Canadian packaging trends in 2017 were dominated by greater demand for products that could be used for multiple consumption occasions and that also fit widespread concerns about recycling and sustainability. In packaged food, beauty and personal care, alcoholic and non-alcoholic drinks, this meant packaging innovations centred on portability either by favouring smaller pack sizes or resilient materials that are suitable for various, often casual, consumption occasions.
The Packaging in Canada report offers insight into key trends and developments in the industry. The report also examines trends and prospect for various pack types and closures: metal packaging, rigid plastic, glass, liquid cartons, paper-based containers; flexible packaging.
Coming changes in demographics to affect packaging
Almost all products are delivered in some form of packaging, which enhances transportability, product protection and shelf life, and additionally serves to differentiate products by communicating brand messages like quality and performance.
Packaging consumption is driven by changes in consumer demand for convenience and portability, in addition to new product and package innovations. The growth in packaging remains in line with overall population growth of 3% per annum, but demographic and social trends are bound to affect growth going forward. For example, smaller households tend to significantly consume more packaging than larger households do, in part due to purchasing more quantities of smaller and single serve goods as opposed to bulk-size products. With a growing number of singles and couples - which are part of the baby boom echo generation - this trend is expected to intensify over the forecast period.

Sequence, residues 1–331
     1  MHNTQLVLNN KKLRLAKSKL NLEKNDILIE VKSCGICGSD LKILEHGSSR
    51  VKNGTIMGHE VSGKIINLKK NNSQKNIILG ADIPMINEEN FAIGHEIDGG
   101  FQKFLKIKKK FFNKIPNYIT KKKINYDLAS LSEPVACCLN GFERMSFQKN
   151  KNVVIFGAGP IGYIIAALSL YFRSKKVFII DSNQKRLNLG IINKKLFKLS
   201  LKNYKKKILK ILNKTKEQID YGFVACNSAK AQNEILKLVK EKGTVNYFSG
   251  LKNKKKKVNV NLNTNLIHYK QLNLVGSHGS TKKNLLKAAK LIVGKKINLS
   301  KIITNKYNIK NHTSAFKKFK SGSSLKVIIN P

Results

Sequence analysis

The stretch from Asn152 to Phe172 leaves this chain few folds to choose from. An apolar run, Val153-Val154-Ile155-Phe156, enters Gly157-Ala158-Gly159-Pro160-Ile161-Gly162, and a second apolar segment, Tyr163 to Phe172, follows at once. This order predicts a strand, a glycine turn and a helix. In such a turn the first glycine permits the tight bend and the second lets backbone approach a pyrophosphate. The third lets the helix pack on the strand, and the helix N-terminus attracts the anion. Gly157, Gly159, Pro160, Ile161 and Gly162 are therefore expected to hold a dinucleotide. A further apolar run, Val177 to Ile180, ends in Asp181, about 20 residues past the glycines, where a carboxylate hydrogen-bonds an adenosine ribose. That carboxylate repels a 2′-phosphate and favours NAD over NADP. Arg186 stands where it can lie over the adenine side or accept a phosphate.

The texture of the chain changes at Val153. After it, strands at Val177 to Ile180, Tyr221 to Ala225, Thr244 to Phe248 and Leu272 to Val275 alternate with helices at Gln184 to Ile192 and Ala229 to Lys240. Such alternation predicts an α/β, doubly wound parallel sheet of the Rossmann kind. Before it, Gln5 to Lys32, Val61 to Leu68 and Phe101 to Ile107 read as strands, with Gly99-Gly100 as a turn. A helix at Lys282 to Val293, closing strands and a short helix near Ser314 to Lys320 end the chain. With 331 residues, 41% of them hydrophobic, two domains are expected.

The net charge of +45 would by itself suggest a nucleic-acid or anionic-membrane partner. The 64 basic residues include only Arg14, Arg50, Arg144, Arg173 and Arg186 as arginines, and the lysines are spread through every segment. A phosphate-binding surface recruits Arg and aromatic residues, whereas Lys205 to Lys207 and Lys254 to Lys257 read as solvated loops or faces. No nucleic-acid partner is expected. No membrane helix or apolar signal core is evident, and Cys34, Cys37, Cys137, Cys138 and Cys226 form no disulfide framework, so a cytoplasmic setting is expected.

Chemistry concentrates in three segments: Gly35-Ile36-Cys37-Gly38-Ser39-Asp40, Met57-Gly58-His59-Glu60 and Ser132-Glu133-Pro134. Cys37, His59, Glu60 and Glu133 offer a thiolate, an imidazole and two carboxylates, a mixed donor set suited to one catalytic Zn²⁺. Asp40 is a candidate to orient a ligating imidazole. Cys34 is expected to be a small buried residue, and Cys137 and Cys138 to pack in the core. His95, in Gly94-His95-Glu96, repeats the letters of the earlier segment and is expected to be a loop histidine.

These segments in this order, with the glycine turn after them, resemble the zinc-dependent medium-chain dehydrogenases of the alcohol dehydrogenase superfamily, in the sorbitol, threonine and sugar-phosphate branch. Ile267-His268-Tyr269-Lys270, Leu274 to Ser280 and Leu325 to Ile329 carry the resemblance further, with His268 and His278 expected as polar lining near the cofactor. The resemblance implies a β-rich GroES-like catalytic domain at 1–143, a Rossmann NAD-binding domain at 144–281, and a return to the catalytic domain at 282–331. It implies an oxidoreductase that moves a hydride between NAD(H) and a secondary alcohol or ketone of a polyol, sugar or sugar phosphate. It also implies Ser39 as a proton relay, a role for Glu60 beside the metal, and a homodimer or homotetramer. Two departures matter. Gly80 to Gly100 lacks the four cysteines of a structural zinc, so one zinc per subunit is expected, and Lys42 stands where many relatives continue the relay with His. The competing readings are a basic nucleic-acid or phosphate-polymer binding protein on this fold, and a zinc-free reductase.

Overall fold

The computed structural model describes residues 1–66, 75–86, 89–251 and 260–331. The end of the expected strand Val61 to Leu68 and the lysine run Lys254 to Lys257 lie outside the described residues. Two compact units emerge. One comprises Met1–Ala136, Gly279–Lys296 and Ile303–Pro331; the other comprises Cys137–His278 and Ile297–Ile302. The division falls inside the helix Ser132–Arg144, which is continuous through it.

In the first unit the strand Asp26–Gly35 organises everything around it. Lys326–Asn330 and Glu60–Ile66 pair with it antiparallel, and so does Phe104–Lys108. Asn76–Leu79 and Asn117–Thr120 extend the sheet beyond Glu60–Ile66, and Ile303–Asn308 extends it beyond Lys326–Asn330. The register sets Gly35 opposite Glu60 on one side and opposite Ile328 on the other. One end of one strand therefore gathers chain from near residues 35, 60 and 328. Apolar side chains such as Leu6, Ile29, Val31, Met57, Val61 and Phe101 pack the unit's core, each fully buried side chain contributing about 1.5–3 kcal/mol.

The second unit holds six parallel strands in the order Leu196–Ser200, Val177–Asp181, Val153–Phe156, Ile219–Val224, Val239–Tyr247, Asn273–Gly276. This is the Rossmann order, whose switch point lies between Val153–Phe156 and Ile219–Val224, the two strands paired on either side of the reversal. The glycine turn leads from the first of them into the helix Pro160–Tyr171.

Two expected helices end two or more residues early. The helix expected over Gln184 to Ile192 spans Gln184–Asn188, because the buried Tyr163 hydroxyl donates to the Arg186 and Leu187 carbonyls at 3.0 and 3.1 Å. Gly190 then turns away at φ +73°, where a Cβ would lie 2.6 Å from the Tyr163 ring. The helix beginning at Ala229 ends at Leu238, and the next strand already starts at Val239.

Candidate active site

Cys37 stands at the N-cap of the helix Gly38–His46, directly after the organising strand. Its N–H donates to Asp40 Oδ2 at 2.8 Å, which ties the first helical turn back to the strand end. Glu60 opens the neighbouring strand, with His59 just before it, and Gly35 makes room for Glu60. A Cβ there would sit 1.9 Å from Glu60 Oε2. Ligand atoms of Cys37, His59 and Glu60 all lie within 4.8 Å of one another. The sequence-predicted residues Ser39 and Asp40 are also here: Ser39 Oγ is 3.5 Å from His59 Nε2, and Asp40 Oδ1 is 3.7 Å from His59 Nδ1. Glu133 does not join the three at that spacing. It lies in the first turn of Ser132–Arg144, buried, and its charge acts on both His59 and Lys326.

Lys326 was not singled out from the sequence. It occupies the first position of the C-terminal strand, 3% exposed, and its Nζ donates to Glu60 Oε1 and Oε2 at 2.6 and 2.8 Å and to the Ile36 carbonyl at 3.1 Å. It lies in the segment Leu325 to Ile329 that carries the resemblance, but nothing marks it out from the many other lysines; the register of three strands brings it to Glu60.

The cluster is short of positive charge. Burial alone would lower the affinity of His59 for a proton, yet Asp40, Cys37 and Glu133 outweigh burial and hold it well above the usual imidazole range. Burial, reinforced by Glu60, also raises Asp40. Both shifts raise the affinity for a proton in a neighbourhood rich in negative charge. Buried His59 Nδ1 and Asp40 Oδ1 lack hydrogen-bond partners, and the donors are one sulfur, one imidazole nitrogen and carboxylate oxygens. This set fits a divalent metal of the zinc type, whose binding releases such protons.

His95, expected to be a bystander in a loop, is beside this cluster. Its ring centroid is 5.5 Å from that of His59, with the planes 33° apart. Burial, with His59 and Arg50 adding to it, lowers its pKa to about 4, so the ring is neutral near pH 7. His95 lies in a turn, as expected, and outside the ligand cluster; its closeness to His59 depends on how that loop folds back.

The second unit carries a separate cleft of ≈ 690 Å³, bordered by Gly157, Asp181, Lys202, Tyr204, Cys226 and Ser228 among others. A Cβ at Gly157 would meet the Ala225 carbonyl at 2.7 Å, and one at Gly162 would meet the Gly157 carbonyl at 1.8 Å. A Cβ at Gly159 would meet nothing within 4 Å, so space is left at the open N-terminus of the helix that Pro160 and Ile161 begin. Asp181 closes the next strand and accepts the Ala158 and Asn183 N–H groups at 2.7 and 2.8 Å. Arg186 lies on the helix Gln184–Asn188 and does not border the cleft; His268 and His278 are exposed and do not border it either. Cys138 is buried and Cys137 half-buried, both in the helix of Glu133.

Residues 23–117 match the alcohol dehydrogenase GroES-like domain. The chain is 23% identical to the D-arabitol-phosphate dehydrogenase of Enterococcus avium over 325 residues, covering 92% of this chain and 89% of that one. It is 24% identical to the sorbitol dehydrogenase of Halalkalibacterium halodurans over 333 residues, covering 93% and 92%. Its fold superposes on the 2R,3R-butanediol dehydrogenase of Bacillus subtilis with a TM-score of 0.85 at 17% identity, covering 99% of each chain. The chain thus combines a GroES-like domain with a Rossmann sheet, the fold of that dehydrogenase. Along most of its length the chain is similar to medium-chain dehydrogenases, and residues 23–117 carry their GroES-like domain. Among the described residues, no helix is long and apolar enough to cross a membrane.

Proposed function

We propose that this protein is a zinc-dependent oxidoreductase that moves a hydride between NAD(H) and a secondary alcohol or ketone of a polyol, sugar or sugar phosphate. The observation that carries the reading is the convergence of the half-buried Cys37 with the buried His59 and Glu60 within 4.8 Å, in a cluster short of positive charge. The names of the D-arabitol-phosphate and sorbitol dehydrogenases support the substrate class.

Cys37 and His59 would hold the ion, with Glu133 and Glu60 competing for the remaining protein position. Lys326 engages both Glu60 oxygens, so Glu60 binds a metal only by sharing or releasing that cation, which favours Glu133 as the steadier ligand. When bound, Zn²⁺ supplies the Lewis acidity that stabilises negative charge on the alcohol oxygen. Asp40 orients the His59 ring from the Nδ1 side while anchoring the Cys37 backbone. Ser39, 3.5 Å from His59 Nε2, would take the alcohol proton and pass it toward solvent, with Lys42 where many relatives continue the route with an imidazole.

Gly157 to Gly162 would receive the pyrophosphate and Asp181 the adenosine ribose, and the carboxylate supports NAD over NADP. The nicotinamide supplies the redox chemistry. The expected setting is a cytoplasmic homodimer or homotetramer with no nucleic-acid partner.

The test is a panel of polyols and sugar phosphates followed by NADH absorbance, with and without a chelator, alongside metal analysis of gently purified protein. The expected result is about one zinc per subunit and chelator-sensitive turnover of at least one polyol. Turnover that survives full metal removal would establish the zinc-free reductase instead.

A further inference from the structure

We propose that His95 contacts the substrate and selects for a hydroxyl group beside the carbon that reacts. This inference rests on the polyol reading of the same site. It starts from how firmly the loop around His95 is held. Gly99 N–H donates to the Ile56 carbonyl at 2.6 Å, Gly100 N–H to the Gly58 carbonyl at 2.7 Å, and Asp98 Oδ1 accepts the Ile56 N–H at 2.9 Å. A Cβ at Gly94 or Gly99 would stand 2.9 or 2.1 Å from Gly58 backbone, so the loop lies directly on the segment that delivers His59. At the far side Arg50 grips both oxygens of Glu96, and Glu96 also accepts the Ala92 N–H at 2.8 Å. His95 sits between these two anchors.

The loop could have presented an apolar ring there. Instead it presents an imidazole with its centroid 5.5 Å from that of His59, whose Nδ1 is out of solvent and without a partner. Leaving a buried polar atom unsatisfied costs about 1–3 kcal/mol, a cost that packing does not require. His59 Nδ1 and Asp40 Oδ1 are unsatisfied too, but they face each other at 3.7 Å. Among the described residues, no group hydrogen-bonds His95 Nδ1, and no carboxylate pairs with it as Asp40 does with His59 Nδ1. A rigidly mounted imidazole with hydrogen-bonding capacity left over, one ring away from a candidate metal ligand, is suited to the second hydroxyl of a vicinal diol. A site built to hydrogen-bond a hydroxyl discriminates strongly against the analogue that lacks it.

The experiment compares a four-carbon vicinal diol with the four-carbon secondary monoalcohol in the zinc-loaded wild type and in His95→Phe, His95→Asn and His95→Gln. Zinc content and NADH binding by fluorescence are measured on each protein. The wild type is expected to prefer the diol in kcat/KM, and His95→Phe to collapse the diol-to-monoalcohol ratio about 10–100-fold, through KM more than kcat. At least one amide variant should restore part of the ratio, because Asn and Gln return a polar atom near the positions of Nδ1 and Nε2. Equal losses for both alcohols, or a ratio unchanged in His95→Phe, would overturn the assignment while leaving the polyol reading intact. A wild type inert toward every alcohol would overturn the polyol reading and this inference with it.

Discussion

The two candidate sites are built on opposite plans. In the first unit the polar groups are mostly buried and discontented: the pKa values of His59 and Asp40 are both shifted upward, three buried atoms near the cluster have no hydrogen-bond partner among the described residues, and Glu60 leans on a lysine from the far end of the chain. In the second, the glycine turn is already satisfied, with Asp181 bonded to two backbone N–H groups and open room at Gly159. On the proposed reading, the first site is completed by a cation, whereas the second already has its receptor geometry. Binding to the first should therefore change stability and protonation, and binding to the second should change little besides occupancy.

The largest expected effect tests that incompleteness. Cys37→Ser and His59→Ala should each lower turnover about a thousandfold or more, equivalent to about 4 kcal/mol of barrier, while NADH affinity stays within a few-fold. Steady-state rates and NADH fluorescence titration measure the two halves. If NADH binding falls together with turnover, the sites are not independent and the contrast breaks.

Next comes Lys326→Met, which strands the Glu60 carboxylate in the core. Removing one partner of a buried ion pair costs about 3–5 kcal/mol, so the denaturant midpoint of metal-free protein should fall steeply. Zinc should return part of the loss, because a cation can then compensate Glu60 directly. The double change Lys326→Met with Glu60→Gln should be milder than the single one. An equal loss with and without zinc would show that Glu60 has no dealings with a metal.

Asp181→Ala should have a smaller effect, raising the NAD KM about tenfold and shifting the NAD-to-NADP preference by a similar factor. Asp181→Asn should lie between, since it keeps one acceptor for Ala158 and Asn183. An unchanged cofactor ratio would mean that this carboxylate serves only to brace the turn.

The environment is a concern
Social trends, particularly towards conservation and concern for the environment already altered the state of packaging in Canada and the US in particular. The use of flexible plastic refill packs for hair care are personal products is but one example of consumer demand for less packaging. Bio-plastics like PLA have seen wide adoption by retailers like Wal-Mart who seek to further strengthen their corporate record for environmental responsibility.
Industry concentration is high in the glass, metal and paper segments with two to five companies controlling approximately 90% of the market, and medium in the rigid plastic, flexible plastic and closure segments with 10 to 15 companies controlling about half the market. In Canada, the presence of large, US and foreign-based manufacturers makes up the bulk of competitors, while a few large domestic companies like Alcan operate packaging divisions of importance. Still, Canadian players like CCL Industries Inc, Norampac, Cascades and Atlantic Packaging field a significant presence in the Canadian packaging industry.
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